Lakewood Police Chief Rob Lawson related the following to Matzav.com:
There has been considerable interest concerning an Eruv that was taken down by a member of the police department. There has been speculation this was an anti-Semitic gesture and I would like to set the record straight on this.
Earlier this year, I received correspondence from JCP&L informing all police departments of the following:New Jersey State Statute 27:5-9 prohibits the placing of signs (political or otherwise) on public utility poles. In addition, Section 27:5-23 states “It shall be the duty of all departments of State or local government and all county and municipal officers charged with the enforcement of State and municipal laws under the direction of the commissioner to assist in the enforcement of the previsions of this act and the orders issuer or rules or regulations adopted pursuant to this act…the Chief of Police of an municipality are authorized and charged under the direction of the commissioner to enforce the provision of this act and any rules or regulations adopted pursuant thereto” Section 27:5-16 prescribes penalties ranging from $50 to $500 for each offense. Each day of the violation may be deemed to be a separate offense.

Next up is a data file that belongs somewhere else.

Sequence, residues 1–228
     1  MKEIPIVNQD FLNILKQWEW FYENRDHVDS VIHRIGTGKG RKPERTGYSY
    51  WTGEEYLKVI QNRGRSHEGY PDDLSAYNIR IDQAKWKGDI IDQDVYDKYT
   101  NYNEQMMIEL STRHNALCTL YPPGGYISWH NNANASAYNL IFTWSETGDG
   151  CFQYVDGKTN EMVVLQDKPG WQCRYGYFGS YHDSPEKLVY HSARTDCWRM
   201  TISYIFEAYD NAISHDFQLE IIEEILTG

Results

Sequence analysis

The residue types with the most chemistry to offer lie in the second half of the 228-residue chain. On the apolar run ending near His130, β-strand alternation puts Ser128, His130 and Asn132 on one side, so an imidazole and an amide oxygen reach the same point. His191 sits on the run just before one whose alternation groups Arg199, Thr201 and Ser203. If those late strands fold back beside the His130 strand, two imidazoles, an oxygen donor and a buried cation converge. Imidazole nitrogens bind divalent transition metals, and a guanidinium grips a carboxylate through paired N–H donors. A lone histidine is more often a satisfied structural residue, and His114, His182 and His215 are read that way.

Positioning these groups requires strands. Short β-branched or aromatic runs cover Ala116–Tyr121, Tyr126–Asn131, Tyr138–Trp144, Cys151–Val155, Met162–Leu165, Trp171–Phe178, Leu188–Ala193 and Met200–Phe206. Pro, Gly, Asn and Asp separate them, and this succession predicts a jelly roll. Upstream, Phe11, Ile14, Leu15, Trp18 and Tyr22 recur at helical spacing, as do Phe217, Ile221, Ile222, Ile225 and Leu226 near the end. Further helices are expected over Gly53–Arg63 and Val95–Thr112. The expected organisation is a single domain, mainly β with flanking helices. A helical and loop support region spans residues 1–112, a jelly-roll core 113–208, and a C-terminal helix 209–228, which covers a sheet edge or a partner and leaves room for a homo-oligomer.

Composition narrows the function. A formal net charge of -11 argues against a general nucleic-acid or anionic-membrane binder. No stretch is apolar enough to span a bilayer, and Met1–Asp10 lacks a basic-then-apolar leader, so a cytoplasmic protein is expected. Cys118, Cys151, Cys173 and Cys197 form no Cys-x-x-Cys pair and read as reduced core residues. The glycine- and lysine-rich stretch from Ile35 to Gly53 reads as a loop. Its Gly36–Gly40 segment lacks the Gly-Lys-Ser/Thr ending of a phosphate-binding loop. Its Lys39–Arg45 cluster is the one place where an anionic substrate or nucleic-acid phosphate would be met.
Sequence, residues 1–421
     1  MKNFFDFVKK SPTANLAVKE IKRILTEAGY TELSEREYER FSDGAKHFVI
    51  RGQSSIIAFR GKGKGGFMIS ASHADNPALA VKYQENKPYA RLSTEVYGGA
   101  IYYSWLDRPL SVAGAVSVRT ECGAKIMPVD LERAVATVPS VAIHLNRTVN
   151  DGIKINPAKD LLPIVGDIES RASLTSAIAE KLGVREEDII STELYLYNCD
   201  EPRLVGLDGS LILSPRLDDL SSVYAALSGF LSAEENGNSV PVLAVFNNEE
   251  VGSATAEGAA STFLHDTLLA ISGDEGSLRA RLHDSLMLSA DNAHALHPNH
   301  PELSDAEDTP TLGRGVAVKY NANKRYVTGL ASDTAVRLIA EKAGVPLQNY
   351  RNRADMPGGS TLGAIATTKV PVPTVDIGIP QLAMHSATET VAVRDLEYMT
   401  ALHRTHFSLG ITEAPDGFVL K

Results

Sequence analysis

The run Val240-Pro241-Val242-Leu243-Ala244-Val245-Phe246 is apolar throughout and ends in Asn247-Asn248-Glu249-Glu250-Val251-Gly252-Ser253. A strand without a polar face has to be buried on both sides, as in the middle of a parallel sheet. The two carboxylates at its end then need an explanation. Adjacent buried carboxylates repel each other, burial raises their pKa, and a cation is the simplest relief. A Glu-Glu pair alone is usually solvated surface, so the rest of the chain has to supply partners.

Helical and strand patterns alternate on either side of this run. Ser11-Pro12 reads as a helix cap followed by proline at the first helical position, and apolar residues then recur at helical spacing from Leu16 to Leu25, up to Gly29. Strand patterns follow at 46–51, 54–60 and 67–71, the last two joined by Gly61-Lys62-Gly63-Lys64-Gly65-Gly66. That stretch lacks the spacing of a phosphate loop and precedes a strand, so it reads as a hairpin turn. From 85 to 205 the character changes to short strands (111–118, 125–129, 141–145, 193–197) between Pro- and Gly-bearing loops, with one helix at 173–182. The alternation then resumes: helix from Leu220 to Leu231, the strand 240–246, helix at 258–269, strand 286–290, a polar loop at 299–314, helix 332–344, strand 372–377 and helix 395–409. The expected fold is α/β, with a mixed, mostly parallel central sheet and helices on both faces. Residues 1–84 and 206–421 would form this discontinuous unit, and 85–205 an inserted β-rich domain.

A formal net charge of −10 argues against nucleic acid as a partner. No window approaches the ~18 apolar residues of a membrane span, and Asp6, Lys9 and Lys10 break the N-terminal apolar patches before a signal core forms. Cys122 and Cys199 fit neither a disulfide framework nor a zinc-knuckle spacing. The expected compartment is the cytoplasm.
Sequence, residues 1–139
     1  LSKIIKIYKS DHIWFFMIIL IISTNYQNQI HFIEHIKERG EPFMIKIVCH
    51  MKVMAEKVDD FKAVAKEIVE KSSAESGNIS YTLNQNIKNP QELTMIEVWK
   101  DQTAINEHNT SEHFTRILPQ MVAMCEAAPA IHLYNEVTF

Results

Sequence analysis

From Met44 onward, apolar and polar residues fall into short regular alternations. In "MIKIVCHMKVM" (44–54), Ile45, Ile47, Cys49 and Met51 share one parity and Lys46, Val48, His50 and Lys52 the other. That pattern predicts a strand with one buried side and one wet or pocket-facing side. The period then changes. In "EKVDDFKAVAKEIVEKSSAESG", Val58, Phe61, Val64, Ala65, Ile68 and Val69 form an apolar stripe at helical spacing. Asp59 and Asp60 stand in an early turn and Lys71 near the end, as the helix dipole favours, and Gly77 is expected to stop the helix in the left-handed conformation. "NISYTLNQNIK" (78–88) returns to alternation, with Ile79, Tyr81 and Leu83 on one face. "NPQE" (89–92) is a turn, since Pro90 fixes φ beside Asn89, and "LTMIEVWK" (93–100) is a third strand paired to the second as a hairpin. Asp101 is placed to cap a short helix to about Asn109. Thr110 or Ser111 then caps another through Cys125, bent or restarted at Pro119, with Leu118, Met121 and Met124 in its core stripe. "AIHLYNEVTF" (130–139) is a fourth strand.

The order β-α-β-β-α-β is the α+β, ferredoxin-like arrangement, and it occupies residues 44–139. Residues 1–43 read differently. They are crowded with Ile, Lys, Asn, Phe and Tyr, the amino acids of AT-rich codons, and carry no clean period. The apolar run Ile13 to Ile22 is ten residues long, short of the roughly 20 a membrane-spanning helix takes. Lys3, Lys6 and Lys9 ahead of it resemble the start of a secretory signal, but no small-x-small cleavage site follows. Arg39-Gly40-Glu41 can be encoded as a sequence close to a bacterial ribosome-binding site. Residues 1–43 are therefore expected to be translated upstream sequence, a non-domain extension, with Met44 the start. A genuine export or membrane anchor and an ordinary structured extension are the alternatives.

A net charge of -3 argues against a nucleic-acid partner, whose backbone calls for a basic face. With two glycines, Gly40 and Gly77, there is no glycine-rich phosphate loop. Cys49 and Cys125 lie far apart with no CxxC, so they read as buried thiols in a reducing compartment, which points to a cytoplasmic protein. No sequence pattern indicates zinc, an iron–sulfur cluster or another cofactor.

(Please visit the following link for additional information: http://www.hopewelltwp.org/njpl.pdf)
I passed this information along at a staff meeting and it wasn’t until last week that it became an issue when an Eruv was taken down since it was attached to a JCP&L pole and technically in violation of the above state statute. When I became aware of what had transpired, I called our regional JCP&L Manager and asked him if we could allow the Eruvs on their poles since it is not a sign, poster or banner as described in the statute. I was told that nylon type fishing line Eruvs on their utility poles are definitely not allowed since it would create a hazard for their workers but that a plastic strip (described as a piece of conduit?) was allowable. I also discussed the situation with Committeeman Meir Lichtenstein, who is further researching it with officials from JCP&L.
Subsequently, I called the homeowner (who was very reasonable and understanding) whose Eruv had been taken down and explained the rationale for what had taken place.
All this being said, it is our mission to protect and serve the community and an integral part of that is being respectful and sensitive to the religious practices and customs of all Lakewood residents. The Eruv in question had been up for over a decade and if JCP&L had not removed it when they performed service to the wires on this pole, it is not appropriate for the police to remove it and in the future, it will not be done.